I whisper gently, to myself, with a smile--for it seems as if my very
heart smiled within me, when I think of her--"Prue and I."




  "Within this hour it will be dinner-time;
  I'll view the manners of the town,
  Peruse the traders, gaze upon the buildings."
  _Comedy of Errors_.

In the warm afternoons of the early summer, it is my pleasure to
stroll about Washington Square and along the Fifth Avenue, at the hour
when the diners-out are hurrying to the tables of the wealthy and
refined. I gaze with placid delight upon the cheerful expanse of white
waistcoat that illumes those streets at that hour, and mark the
variety of emotions that swell beneath all that purity. A man going
out to dine has a singular cheerfulness of aspect.  Except for his
gloves, which fit so well, and which he has carefully buttoned, that
he may not make an awkward pause in the hall of his friend's house, I
am sure he would search his pocket for a cent to give the wan beggar
at the corner. It is impossible just now, my dear woman; but God bless

It is pleasant to consider that simple suit of black.  If my man be
young and only lately cognizant of the rigors of the social law, he is
a little nervous at being seen in his dress suit--body coat and black
trowsers--before sunset. For in the last days of May the light lingers
long over the freshly leaved trees in the Square, and lies warm along
the Avenue. All winter the sun has not been permitted to see
dress-coats.  They come out only with the stars, and fade with ghosts,
before the dawn. Except, haply, they be brought homeward before
breakfast in an early twilight of hackney-coach. Now, in the budding
and bursting summer, the sun takes his revenge, and looks aslant over
the tree-tops and the chimneys upon the most unimpeachable garments. A
cat may look upon a king.

I know my man at a distance. If I am chatting with the nursery maids
around the fountain, I see him upon the broad walk of Washington
Square, and detect him by the freshness of his movement his springy
gait. Then the white waistcoat flashes in the sun.

"Go on, happy youth," I exclaim aloud, to the great alarm of the
nursery maids, who suppose me to be an innocent insane person suffered
to go at large, unattended,--"go on, and be happy with fellow
waistcoats over fragrant wines."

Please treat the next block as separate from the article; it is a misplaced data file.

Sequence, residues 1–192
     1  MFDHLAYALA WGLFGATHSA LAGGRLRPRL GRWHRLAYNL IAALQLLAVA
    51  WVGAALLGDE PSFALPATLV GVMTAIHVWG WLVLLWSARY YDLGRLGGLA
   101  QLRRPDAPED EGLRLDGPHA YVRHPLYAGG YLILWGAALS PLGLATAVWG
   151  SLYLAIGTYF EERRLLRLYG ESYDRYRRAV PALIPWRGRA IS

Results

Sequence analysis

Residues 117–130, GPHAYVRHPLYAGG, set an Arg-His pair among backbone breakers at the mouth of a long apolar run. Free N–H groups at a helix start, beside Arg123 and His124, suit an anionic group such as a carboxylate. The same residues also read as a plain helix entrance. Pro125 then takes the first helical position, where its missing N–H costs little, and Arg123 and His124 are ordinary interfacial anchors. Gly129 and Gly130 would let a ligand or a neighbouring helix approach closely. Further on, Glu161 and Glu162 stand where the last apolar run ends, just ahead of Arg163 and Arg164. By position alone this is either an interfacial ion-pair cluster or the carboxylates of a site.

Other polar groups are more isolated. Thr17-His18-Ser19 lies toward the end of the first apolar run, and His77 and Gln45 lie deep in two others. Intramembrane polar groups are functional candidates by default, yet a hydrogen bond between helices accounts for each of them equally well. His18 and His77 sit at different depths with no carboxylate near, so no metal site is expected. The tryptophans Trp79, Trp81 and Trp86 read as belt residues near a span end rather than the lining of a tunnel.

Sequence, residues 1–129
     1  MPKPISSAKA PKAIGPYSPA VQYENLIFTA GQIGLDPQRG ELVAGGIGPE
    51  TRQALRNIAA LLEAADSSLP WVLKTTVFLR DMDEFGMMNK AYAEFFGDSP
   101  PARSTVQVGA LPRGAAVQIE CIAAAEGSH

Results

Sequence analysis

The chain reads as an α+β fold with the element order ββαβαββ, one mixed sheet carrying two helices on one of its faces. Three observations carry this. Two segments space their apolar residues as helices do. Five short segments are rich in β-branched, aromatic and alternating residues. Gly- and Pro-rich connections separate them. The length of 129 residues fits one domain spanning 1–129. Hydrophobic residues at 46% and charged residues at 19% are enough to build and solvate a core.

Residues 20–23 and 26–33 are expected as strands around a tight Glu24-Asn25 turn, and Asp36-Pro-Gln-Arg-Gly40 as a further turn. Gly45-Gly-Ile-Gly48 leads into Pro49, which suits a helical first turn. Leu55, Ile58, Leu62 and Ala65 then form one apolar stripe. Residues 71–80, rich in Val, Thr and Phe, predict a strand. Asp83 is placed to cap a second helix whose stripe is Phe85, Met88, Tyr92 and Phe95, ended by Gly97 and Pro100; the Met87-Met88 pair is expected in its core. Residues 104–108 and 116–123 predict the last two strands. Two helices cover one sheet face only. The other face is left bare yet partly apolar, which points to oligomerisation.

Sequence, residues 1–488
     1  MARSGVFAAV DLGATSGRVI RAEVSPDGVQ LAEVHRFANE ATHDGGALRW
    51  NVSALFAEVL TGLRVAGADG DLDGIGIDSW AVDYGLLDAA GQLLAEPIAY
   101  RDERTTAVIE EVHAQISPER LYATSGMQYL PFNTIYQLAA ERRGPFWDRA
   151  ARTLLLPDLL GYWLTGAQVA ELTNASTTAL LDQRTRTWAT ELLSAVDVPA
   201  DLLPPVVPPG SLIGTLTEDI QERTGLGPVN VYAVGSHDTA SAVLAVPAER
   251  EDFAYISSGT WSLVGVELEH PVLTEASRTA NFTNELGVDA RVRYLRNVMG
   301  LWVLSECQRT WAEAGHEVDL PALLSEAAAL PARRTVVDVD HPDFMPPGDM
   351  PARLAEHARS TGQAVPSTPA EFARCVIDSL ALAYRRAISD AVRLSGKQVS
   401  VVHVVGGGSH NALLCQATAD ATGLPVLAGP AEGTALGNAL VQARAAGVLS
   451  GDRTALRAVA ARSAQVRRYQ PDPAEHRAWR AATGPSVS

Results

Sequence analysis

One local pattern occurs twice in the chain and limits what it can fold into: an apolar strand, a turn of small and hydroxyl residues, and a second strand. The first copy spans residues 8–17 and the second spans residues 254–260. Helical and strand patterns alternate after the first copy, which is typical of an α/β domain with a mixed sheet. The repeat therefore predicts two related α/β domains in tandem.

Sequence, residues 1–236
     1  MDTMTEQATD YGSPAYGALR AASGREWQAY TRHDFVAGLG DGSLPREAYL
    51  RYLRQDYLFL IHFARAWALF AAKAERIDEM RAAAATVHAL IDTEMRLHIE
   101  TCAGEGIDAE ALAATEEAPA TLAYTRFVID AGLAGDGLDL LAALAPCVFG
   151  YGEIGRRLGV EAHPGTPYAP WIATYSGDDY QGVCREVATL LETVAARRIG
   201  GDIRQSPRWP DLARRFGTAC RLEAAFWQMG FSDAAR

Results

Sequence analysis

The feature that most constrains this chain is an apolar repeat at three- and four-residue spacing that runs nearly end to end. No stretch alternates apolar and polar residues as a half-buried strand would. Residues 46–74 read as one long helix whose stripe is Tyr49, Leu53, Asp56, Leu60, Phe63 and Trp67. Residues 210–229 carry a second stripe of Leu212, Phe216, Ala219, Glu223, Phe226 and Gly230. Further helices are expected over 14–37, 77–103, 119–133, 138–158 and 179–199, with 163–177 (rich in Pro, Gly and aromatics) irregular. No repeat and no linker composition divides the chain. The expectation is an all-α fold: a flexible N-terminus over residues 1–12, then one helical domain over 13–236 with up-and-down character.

It is hard to describe the pleasure in this amiable spectacle of a man
going out to dine. I, who am a quiet family man, and take a quiet
family cut at four o'clock; or, when I am detained down town by a
false quantity in my figures, who run into Delmonico's and seek
comfort in a cutlet, am rarely invited to dinner and have few white
waistcoats.  Indeed, my dear Prue tells me that I have but one in the
world, and I often want to confront my eager young friends as they
bound along, and ask abruptly, "What do you think of a man whom one
white waistcoat suffices?"

By the time I have eaten my modest repast, it is the hour for the
diners-out to appear. If the day is unusually soft and sunny, I hurry
my simple meal a little, that I may not lose any of my favorite
spectacle.  Then I saunter out. If you met me you would see that I am
also clad in black. But black is my natural color, so that it begets
no false theories concerning my intentions. Nobody, meeting me in full
black, supposes that I am going to dine out. That sombre hue is
professional with me. It belongs to book-keepers as to clergymen,
physicians, and undertakers. We wear it because we follow solemn
callings. Saving men's bodies and souls, or keeping the machinery of
business well wound, are such sad professions that it is becoming to
drape dolefully those who adopt them.

I wear a white cravat, too, but nobody supposes that it is in any
danger of being stained by Lafitte.  It is a limp cravat with a craven
tie. It has none of the dazzling dash of the white that my young